Mandatory carbon dioxide emissions reductions would achieve that end with overall effects that would be more beneficial than harmful to humanity and the rest of the world’s inhabitants.

3) An Open Letter to the Signers of “Climate Change: An Evangelical Call to Action”and Others Concerned About Global Warming. This letter includes the endorsements of such men as D.A. Carson, D. James Kennedy, Robert Reymond, and David Wells. You will notice that this document refers to the Cornwall Alliance by its earlier name, the Interfaith Stewardship Alliance.

4) An Examination of the Scientific, Ethical and Theological Implications of Climate Change Policy. This document actually includes three articles: "Global warming: How much of a threat?" by Roy W. Spencer; "Global Warming and the Poor" by Paul K. Driessen; and "Biblical Principles for Environmental Stewardship" by E. Calvin Beisner, PhD.

You can also check out the Cornwall Alliance blog. It is my hope that this resource will be an aid to all of us as we seek to formulate a thoroughly Biblical and knowledgeable response to the current issues that face us all.

As always, I am interested in your comments.

Saturday, March 15, 2008

Jack Cashill's Review of 'Expelled: No Intelligence Allowed'

Jack Cashill, Executive Editor of Ingram's Magazine, has written a very positive review of Ben Stein's soon-to-be-released documentary, Expelled: No Intelligence Allowed. The review is entitled Ben Stein Smart Bombs Darwinian Bunker, and it will make you want to see this movie. Here is an excerpt:

A rousing SRO preview on Tuesday of the new Ben Stein documentary, Expelled: No Intelligence Allowed, brought a Kansas City audience to its feet.

And with good cause. Stein’s often funny, always engaging frontal assault on the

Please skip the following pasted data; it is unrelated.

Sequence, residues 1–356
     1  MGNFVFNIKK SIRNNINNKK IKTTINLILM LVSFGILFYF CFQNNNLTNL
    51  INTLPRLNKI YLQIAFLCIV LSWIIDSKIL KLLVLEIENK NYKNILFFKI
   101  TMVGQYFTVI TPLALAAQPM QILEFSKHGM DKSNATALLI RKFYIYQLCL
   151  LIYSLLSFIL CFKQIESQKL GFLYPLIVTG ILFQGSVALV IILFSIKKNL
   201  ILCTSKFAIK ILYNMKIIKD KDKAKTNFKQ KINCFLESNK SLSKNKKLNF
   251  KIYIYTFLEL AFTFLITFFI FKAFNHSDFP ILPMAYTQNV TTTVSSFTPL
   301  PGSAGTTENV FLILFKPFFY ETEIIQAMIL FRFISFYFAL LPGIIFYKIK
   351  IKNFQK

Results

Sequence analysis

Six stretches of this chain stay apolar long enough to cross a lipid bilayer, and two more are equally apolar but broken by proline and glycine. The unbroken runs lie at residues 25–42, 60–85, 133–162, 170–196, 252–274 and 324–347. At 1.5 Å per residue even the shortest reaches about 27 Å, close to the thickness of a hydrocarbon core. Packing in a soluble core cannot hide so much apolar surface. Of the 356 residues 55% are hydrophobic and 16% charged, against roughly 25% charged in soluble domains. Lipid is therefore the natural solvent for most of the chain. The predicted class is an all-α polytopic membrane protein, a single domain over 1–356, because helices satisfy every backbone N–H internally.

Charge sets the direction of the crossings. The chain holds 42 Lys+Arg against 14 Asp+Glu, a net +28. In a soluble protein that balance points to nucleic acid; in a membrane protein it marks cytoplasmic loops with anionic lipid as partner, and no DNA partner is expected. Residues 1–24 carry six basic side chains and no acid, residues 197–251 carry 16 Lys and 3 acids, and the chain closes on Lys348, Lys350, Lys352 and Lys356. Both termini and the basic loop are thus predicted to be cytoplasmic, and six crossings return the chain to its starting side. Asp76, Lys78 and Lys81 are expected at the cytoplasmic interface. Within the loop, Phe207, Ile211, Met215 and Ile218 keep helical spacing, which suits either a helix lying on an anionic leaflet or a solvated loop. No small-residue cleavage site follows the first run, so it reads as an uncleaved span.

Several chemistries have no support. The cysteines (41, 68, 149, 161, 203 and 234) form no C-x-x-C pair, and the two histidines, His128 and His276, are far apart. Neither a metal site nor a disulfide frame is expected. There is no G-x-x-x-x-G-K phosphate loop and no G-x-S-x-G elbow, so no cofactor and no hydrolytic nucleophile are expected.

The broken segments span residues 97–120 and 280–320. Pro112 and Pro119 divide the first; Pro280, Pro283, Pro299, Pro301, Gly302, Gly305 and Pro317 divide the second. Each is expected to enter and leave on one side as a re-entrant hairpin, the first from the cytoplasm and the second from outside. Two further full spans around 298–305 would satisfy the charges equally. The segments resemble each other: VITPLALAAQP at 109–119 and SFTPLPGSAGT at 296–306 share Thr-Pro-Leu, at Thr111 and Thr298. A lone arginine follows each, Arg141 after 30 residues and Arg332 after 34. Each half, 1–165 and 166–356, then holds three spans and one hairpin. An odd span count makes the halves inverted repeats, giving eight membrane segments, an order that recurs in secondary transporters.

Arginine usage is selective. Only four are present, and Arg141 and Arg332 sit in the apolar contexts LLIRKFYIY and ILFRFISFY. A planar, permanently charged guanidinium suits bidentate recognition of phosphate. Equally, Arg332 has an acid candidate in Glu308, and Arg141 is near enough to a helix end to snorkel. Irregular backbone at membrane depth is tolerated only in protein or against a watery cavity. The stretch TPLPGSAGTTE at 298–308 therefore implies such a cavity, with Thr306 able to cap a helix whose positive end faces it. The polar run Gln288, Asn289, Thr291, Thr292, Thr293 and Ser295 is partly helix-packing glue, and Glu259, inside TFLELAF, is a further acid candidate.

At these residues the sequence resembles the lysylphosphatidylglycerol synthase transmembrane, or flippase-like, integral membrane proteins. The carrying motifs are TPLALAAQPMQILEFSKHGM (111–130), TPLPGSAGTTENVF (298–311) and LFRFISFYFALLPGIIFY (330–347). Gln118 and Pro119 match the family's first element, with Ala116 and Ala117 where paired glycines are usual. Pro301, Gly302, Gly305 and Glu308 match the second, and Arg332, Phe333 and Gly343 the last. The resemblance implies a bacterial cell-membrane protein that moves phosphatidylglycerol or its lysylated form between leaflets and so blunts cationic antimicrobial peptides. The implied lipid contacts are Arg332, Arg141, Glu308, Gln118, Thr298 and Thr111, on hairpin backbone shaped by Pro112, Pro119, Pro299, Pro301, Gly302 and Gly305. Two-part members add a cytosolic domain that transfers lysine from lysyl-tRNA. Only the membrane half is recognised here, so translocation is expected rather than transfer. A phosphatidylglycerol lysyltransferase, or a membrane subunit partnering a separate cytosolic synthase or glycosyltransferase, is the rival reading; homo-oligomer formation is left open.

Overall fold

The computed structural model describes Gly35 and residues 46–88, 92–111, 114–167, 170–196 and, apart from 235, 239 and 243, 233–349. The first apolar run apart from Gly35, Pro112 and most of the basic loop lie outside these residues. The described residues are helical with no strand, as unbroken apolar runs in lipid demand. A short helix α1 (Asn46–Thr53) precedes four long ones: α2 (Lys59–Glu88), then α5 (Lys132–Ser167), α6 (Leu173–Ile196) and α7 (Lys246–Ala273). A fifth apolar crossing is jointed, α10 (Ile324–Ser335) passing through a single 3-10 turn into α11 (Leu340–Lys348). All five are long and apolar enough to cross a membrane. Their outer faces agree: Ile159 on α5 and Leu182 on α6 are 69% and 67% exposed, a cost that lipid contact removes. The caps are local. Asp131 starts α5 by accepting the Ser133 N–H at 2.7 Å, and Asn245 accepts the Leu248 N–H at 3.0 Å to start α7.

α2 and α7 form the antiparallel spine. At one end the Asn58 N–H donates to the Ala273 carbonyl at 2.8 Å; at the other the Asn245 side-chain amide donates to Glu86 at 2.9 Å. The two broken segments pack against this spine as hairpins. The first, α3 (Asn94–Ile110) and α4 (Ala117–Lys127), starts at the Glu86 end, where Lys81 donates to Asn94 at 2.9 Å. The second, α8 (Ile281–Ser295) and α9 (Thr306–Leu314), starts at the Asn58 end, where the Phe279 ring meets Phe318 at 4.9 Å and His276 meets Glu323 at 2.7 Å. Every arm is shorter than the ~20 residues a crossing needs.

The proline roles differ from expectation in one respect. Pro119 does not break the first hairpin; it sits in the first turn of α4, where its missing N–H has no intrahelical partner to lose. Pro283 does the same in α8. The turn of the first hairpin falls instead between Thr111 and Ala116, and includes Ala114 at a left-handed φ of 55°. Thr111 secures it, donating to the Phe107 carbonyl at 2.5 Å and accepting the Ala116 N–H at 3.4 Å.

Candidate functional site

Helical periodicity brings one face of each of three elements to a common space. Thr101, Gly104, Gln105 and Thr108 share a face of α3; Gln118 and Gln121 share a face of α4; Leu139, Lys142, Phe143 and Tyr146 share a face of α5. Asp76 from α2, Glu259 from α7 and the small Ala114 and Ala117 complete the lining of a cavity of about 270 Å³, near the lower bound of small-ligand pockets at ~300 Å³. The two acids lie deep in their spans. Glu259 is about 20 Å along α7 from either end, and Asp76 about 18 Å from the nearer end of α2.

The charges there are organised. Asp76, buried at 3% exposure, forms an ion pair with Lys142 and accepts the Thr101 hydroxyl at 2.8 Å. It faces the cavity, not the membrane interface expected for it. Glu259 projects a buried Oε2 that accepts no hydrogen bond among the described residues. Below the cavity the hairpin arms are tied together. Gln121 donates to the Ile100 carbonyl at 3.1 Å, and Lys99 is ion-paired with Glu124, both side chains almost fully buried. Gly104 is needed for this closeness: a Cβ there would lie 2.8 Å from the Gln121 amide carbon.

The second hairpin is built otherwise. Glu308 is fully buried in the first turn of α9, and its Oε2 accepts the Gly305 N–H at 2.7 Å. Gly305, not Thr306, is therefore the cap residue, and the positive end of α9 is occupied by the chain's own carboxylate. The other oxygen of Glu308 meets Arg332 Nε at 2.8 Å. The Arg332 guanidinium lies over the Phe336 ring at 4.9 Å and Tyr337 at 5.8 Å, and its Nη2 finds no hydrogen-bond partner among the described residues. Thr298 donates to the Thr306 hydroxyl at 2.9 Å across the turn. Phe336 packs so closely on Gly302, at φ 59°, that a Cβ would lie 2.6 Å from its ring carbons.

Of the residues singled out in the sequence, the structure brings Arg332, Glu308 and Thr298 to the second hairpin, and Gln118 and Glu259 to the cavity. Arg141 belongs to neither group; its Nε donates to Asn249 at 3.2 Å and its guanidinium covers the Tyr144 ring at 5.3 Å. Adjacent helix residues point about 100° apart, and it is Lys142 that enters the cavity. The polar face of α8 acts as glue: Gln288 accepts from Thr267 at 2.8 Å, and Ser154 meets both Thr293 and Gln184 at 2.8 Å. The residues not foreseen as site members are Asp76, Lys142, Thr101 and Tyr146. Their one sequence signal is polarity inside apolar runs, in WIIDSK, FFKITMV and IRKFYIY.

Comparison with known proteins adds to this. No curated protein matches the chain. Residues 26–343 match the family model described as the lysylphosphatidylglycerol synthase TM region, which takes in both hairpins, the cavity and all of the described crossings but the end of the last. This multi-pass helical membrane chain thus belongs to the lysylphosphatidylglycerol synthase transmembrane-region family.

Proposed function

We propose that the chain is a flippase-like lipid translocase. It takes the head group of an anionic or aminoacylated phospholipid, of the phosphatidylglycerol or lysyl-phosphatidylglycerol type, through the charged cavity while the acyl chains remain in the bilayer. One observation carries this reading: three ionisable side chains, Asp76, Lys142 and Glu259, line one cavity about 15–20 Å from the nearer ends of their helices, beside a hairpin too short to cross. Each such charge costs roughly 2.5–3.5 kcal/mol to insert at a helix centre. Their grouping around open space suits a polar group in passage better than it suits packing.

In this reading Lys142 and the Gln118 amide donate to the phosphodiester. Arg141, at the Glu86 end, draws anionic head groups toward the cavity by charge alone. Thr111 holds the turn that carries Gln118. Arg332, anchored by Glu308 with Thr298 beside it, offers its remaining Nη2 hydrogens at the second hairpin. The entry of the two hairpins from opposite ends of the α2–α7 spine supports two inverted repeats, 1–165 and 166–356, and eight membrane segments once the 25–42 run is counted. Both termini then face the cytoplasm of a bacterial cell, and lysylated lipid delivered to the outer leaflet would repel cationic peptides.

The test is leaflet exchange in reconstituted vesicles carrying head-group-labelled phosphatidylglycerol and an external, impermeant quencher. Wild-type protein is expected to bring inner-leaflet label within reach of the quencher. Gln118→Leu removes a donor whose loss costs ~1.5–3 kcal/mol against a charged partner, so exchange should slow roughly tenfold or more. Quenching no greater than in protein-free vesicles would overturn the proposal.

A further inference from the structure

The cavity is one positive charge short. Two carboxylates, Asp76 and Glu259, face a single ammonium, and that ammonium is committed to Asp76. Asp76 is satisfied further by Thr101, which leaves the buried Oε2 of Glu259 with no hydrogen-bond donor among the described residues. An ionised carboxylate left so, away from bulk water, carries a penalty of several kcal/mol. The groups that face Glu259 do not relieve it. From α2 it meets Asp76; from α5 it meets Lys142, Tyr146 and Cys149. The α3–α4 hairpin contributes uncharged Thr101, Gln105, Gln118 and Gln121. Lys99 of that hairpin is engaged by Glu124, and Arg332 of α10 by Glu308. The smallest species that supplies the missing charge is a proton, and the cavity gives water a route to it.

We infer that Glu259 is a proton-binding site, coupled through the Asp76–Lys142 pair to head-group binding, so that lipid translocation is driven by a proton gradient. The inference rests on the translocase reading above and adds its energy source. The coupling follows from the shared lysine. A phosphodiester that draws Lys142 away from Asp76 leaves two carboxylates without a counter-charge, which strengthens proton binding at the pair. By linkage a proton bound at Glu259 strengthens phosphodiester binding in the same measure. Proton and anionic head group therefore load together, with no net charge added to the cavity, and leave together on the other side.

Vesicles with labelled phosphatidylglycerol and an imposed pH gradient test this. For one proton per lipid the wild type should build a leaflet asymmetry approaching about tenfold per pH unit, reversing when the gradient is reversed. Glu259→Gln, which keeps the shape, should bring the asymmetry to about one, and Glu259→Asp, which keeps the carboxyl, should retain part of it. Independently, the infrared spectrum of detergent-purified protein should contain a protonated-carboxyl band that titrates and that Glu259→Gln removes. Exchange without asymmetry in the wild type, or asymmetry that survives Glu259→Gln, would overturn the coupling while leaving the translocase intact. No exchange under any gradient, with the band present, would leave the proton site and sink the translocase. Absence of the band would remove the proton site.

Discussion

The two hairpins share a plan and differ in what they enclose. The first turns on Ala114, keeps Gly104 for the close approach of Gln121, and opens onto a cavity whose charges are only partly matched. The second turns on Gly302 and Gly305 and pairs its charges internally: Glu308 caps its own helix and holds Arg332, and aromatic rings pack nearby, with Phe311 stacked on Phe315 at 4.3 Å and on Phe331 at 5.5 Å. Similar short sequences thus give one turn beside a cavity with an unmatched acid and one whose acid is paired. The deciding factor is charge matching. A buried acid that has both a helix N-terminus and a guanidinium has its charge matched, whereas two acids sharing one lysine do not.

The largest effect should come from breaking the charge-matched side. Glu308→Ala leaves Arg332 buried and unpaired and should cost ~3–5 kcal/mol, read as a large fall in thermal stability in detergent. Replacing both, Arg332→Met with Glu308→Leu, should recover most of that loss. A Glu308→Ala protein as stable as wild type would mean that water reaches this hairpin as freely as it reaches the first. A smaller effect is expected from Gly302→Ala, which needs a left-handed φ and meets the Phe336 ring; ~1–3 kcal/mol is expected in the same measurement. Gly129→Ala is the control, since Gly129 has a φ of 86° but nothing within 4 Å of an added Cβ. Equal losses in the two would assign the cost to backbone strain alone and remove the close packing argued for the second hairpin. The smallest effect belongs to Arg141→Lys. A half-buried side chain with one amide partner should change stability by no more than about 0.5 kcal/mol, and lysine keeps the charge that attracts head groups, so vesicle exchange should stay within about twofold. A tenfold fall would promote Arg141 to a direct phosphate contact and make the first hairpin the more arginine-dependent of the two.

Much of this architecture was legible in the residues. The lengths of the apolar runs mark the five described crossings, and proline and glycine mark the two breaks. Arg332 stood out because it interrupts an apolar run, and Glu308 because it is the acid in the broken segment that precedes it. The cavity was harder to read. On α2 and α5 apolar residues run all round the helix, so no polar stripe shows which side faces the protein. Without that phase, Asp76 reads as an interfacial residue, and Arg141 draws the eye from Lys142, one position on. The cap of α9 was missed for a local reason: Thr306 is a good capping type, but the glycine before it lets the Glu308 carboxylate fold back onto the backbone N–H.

oppressive neo-Darwinist establishment is arguably the smartest and most
sophisticated documentary ever produced on the right side of the cultural divide, on any subject, ever.
Read more....

Thursday, March 13, 2008

Friday, March 07, 2008

Zane Anderson's Review of Pagan Christianity

Zane Anderson of the House Church Network recently published a helpful review of Pagan Christianity: Exploring the Roots of Our Church Practices, by Frank Viola and George Barna. The review is entitled Pagan Christianity: Real Hope or Shrill Hype.

Although Anderson is himself an advocate of the House-Church Movement, and I certainly would not agree with him on a number of things, it is refreshing to find a voice among them that avoids some of the more extreme conclusions reached by men such as Viola.

As the regular readers of this blog know, I have been responding critically to some of the common views of the movement as set forth by men such as Steve Atkerson and Beresford Job, and I hope that these men too would distance themselves from some of the extreme and outrageous arguments of men like Viola and Barna. At any rate, I think it behooves me in all fairness to inform my readers of such a dissenting voice as Anderson's from within the movement itself, especially since -at least with regard to Pagan Christianity - I am in pretty close agreement with him.

Thursday, March 06, 2008

Free Audio Download of Confessions of the Reformed Church

This month's free audio download from ChristianAudio.com is Confessions of the Reformed Church (Unabridged), edited by David Cochran Heath.

It includes The Augsburg Confession, The Westminster Confession of Faith, and The Heidelberg Confession. These are three of the most significant Reformed confessions. For Reformed Baptists, of course, the Westminster is particularly important, since it is the confession used as the starting point for the Baptist Confession of 1689. But all three of these sources are useful for study and understanding the history of Lutheran (Augsburg Confession) and Reformed theology.

Wednesday, March 05, 2008

Response to the House-Church Movement: Update

For the many readers who have been following the Response to the House-Church Movement (HCM) series, I thought I would offer you an update. I originally intended on writing just four articles in this series (see the Introductory post), dealing with the requirement to meet in houses for worship (Part One), the argument for fully participatory worship in which no one leads but each contributes in a spontaneous manner (Part Two), the argument that the Lord's Supper may only be rightly observed if the the context of a "full meal" (Part Three, after which I was interviewed on the subject), and the matter of elder leadership and authority (Part Four).